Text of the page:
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What’s The Difference Between Ford E-150, E-250, and E-350?

What is the difference between the Ford E-150, E-250, and E-350

Are you confused about the difference between the different types of Ford E-series vans?  What exactly is the difference between Ford E-150, E-250, and E-350 vans?  In this post I will explain the difference between these common Ford E-series vans, and why you might choose one over another.

(And if you are curious, the other American vans have a similar relationship.  So you can roughly apply the same explanation to Chevy Express and GMC Savana 1500, 2500, 3500).

Check out my post that covers all types of vans: How To Choose A Van For A Campervan Conversion.

The Basic Difference

In easy to understand terms, the higher the number, the more heavy-duty the van is and the more weight it can haul.  And it means the vans are built with different parts to accommodate more weight (i.e. bigger engines, more robust suspension/brakes/etc.

Or if you’re familiar with Ford Trucks, it’s a similar relationship between Ford F-150, F-250, and F-350.  After all, these Ford vans are heavily based on their truck platforms.

What is Econoline?

Econoline is the former name of the Ford E-Series vans.  Aside from updates throughout the years, they are the same line of vehicles.  The Econoline and E-Series vans have been in production since 1961.  However, after 2014 it was discontinued in passenger and cargo models.  The only models available from 2015-Present are the stripped chassis or cutaway chassis models.

Terms To Know

Curb Weight – How much a vehicle weighs without passengers or cargo.

GVWR – Stands for Gross Vehicle Weight Rating, and it’s the maximum weight that a vehicle can reach including passengers, cargo, gasoline, fluids.

Payload – How much weight in cargo and/or passengers a vehicle can carry.  You subtract GVWR – Curb Weight = Payload.

What Does The Number Signify?

Ford Van E-350 Super Duty badge

The number in the name of each van indicates their increasing payload (how much weight it can haul).

There are two main classifications that help group similar vehicles.

The first is how the government classifies vehicles (for fuel efficiency).  They classify Light-Duty as any vehicle with up to 8500lbs GVWR or up to 4000lbs payload.  The Ford E-250 and E-350 are both above that threshold, and thus classified as heavy-duty.  The Ford E-150 was light-duty up until 2006 when it surpassed the 8500lbs GVWR threshold, and joined the other vans as a heavy-duty classification.

The second common shorthand way to classify vans is by referring to their payload in terms of tons {one ton = 2000lbs}.  So the E-150 is ½ ton, E-250 is a ¾ ton, and E-350 is a one ton.  But this system is wildly outdated because the payload ratings have soared past those definitions.  For example, the “one ton” 2014 Ford E-350 has a payload of 4,060lbs, which is literally two tons!  And yet, people still use these antiquated terms.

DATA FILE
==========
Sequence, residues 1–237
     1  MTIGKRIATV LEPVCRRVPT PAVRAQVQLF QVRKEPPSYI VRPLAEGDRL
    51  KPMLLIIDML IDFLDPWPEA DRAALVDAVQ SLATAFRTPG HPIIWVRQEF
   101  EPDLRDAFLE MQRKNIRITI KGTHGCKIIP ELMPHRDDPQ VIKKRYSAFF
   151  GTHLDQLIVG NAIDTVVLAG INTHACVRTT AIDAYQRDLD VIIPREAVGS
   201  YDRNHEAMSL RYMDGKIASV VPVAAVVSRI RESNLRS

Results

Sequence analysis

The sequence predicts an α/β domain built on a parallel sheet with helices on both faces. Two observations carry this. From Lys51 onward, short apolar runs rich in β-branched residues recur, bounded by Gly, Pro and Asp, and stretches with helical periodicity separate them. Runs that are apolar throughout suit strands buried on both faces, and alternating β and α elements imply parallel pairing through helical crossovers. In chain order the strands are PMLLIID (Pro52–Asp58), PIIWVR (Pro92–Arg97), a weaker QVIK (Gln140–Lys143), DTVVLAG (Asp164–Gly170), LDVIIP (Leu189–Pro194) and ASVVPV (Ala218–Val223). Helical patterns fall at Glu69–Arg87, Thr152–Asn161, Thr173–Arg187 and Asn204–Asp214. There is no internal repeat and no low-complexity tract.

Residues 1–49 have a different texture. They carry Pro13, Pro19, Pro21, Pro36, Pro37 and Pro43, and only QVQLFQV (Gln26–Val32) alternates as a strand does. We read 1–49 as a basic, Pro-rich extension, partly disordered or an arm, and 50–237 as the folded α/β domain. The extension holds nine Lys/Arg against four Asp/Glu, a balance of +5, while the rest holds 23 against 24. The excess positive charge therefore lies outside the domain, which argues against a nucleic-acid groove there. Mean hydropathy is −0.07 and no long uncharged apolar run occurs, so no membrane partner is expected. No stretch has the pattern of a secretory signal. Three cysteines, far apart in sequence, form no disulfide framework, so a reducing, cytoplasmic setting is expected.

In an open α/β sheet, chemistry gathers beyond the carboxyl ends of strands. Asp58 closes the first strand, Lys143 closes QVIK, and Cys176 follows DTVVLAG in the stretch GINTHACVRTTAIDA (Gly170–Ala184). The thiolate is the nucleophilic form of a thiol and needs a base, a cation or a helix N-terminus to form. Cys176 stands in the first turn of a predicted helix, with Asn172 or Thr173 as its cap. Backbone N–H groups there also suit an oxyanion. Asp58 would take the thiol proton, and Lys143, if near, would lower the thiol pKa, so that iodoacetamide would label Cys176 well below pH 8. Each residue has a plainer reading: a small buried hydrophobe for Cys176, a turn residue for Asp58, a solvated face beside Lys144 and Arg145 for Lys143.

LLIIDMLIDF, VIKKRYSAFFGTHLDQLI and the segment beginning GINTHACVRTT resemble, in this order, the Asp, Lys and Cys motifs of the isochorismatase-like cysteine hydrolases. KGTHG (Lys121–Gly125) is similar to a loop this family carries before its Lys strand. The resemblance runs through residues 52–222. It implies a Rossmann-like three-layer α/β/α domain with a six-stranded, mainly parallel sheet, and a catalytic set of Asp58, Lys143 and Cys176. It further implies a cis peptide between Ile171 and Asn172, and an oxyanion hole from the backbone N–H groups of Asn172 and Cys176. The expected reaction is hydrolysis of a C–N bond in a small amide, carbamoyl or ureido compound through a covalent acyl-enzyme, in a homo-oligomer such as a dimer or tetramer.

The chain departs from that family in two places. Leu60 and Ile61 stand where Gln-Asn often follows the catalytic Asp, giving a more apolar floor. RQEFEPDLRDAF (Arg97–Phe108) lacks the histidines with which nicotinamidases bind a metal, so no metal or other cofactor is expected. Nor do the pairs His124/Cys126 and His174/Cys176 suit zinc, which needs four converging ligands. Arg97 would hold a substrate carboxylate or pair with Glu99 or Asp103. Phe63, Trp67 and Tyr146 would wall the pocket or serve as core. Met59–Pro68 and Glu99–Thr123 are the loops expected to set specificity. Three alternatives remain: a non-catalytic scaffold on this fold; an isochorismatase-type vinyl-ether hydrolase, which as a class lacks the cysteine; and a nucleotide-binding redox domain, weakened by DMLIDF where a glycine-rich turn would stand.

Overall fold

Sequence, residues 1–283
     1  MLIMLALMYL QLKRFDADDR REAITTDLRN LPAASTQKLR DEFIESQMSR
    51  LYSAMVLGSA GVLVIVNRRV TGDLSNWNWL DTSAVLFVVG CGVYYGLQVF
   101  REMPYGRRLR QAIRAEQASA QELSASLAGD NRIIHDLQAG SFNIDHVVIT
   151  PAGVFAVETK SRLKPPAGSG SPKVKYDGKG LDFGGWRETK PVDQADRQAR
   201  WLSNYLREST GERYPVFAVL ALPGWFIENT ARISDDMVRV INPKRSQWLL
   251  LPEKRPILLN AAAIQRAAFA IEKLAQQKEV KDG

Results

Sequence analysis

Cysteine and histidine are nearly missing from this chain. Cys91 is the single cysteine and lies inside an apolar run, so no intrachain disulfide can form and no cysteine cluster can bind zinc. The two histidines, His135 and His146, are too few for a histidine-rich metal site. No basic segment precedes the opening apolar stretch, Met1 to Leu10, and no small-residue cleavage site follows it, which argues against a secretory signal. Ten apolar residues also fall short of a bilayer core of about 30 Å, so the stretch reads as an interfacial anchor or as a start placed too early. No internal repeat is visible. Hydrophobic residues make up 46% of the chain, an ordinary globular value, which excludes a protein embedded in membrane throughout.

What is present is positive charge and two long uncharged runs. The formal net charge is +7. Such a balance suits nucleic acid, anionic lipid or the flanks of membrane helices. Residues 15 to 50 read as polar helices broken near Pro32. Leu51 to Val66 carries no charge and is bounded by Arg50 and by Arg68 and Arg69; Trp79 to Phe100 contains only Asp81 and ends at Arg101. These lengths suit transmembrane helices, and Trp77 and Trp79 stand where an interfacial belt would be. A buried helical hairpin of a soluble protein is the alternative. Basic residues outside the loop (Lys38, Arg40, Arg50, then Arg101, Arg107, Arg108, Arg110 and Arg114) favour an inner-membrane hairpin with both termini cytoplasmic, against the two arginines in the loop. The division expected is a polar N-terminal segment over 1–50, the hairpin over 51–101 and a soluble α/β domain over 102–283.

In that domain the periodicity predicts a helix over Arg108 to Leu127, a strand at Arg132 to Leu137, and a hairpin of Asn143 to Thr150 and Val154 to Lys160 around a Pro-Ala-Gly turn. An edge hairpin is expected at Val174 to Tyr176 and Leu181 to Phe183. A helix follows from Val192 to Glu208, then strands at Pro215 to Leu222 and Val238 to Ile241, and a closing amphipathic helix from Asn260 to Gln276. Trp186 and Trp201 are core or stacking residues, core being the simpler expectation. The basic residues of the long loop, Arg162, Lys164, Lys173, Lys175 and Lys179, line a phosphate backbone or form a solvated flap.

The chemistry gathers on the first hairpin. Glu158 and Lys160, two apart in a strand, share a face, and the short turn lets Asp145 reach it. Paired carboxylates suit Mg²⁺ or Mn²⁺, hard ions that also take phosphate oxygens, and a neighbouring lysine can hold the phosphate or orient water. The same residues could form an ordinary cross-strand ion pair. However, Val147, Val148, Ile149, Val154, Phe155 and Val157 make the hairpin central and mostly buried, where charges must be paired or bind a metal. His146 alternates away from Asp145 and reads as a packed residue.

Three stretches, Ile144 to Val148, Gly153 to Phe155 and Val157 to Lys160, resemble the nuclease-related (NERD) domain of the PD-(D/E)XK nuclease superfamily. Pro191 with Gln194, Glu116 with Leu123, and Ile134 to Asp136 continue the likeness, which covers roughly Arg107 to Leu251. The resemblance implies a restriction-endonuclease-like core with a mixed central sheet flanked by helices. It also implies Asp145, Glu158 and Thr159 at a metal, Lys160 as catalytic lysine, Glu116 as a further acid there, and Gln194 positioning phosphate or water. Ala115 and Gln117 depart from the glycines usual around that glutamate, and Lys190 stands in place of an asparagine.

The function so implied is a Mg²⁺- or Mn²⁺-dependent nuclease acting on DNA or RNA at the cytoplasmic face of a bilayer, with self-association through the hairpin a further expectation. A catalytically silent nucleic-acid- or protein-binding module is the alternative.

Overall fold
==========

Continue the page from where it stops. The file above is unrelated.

How Are They Built Different?

In order to haul more weight, each increasing van has certain parts upgraded to accommodate a higher payload.  The E-250’s and E-350’s are built with more robust suspension, brakes, etc.  They may also have larger engines, better transmissions, and a higher output alternator.  These changes results in a higher curb-weight but ultimately the ability to haul more stuff.

Payload Comparison

It’s important to choose a van with an appropriate payload rating for your intended use.  As I stated above, the E-350 has the highest payload, followed by E-250, and finally E-150 at the bottom.  And generally payloads and towing capacity have increased over time as the technology improves.

But there is one massive outlier, outside the normal incremental changes.  Between 2006 and 2007 the E-150 saw a drastic payload increase.  This increase resulted in the E-150 switching classification from “light-duty” to join the E250 and E350 as a “heavy-duty” vehicle.  That change is illustrated below.

A chart that shows a Payload comparison that shows the difference between ford E-150, E-250, and E-350 (2006-2007)

How they managed to increase the payload by over 1000 lbs without increasing the curb-weight is rather surprising (or concerning).  I wonder if these post 2007 E-150’s are really built to handle those loads, or if they will break down faster.

Why Did Ford Phase Out The “Light-Duty” E-150

Ford intentionally got rid of the light-duty E-150 because EPA regulations for fuel efficiency were becoming increasingly harder to achieve with light-duty vans.  They did this by boosting the GVWR over 8,400lbs to force reclassification as heavy-duty.

This EPA fuel-efficiency pressure has driven most companies to bail on their light-duty vans (Chevy got rid of the Express 1500 in 2014).  By 2020, most automakers have created a wide gap between their heavy-duty full-size vans and their small city-oriented light-duty vans (like Ford Transit Connect and RAM Promaster City)

Towing Capacity